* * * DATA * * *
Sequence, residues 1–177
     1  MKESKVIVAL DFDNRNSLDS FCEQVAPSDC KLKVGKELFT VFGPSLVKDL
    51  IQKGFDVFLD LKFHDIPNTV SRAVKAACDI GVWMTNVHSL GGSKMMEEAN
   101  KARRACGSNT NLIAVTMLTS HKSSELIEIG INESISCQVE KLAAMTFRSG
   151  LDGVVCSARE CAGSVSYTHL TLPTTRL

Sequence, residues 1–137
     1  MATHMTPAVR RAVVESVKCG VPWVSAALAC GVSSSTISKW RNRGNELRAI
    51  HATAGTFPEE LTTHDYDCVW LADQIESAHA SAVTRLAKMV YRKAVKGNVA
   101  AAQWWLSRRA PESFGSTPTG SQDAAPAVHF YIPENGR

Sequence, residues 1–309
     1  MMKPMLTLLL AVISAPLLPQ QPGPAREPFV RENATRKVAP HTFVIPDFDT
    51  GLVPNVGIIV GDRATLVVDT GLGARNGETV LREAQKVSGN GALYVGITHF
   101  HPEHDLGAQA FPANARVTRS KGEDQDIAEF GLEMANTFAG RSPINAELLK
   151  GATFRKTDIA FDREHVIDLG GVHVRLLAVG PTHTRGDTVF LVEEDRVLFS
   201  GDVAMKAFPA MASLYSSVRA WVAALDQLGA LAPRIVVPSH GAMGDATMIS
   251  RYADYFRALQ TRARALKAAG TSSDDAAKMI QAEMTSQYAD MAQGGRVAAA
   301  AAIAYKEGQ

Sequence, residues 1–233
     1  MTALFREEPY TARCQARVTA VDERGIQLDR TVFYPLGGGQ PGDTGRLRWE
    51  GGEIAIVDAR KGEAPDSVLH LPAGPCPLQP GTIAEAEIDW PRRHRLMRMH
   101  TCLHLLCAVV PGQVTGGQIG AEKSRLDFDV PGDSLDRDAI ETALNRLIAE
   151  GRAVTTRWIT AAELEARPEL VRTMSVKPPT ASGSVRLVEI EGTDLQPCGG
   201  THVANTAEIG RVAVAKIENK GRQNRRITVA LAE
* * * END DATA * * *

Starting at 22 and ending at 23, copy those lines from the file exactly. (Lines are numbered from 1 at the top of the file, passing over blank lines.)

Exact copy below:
   151  GRAVTTRWIT AAELEARPEL VRTMSVKPPT ASGSVRLVEI EGTDLQPCGG
   201  THVANTAEIG RVAVAKIENK GRQNRRITVA LAE